Career Colleges Request Collaboration to Close Ontario’s Skills Gap
As educators specializing in expedient, local-centric training since 1866, career colleges are presently an under-utilized yet highly effective instrument in the province’s tool-kit as it seeks to build a skilled workforce.
The skills shortage costs Ontario’s economy 4 per cent of its GDP—$24 billion—and forgoes $3.7 billion in provincial tax revenue annually.
There are more than 600 campuses training in more than 70 communities across the province.
Despite 41 per cent of employers reporting shortages in areas of Construction, Technology, Business
and Hospitality, Ontario career colleges are prohibited from offering apprenticeship training.
Career colleges contribute more than 30,000 skilled workers to Ontario’s workforce each year.
- Mature students make up the majority of those enrolled at career colleges.
Submission to The Honourable Ross Romano
October 18, 2019
Re: Career Colleges Request Collaboration to Close Ontario’s Skills Gap
Recently, the MTCU directed the province’s 26 workforce planning boards to identify projected shortages in skilled trades over the next five years.
We appreciate that the ministry recognizes the growing skills gap that poses an exponential risk to the future of the province’s economic wellbeing. The skills shortage costs Ontario’s economy 4 per cent of its GDP—$24 billion—and forgoes $3.7 billion in provincial tax revenue annually. It’s a posing threat that if left unaddressed will cause businesses to stagnate and unemployment and precarious work to rise.
As the ministry pursues solutions to alleviate socio-economic pressures at the heart of these troubling market trends within the GTA and Northern regions, we implore you to consider the transformative impact career colleges and their graduates have on local communities. There are more than 600 campuses training in more than 70 communities across the province. However, Ontario career colleges are prohibited from offering apprenticeship training—a component the Conference Board of Canada says 41 per cent of employers need in areas of Construction, Technology, Business and Hospitality.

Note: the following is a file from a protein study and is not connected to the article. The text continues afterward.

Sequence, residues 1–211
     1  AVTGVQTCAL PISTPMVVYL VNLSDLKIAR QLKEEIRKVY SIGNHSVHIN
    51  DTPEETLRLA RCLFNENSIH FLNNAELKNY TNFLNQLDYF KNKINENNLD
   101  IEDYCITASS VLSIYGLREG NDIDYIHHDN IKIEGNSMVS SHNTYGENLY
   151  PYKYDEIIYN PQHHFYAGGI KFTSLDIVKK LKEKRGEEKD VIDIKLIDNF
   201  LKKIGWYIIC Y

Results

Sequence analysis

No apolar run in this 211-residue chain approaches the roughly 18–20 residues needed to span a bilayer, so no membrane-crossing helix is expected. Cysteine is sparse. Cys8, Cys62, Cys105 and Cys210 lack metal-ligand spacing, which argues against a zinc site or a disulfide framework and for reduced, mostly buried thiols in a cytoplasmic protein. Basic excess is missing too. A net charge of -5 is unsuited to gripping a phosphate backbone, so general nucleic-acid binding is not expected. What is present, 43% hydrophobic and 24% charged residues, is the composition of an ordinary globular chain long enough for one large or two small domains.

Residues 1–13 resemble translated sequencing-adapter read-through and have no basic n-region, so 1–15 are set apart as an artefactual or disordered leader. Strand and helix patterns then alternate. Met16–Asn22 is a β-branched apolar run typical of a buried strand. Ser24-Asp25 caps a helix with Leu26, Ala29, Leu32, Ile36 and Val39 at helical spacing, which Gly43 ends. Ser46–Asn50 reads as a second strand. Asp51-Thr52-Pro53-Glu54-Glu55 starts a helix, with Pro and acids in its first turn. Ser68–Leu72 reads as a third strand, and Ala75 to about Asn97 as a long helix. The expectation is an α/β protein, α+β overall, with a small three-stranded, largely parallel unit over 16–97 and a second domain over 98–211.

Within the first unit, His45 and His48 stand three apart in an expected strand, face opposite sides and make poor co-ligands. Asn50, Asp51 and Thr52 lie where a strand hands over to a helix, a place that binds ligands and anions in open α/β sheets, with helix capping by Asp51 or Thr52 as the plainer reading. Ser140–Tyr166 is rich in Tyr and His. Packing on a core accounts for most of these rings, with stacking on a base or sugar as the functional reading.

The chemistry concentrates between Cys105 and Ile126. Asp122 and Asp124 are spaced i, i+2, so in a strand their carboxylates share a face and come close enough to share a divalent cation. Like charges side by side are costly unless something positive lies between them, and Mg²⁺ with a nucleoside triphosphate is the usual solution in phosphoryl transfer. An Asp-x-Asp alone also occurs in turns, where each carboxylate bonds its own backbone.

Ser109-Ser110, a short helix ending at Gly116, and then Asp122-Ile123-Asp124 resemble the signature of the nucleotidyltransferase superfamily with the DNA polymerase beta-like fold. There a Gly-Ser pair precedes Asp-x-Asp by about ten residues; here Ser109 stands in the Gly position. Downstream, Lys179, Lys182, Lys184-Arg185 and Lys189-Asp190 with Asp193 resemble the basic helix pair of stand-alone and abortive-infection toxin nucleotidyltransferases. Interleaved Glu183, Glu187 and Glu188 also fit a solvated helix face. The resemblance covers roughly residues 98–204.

Career colleges are a vital yet tragically overlooked resource that is ignored at the expense of those most vulnerable to the effects of our skills shortage. We once again refer you to our career college student demographic study. Public and career college students are not interchangeable. Their needs, age, ambitions and responsibilities are fundamentally different from community college students fresh out of high school.
We ask that you consult with the sector to recognize the services and student demographics of career colleges. Career colleges are proficient trainers and retrainers that contribute more than 30,000 skilled workers to Ontario’s workforce each year. However, they are seldom brought into discussion when they’re most needed; a recent example being the closure of the General Motors assembly plant in Oshawa.
In a recent CBC report, the executive director of the Workplace Planning for Sudbury and Manitoulin identified a glaring issue that career colleges are well-suited to address right now: “There is a misalignment between what’s happening in college versus what’s happening in the field in terms of the real world of work.”
Career colleges are specialists that excel at delivering flexible, local-centric training. Their presence means students and their families do not have to uproot for an education, and their success becomes their community’s success.
Chief Executive Officer, Career Colleges Ontario
Marketing and Communications Officer
(519) 752-2124 Ext.115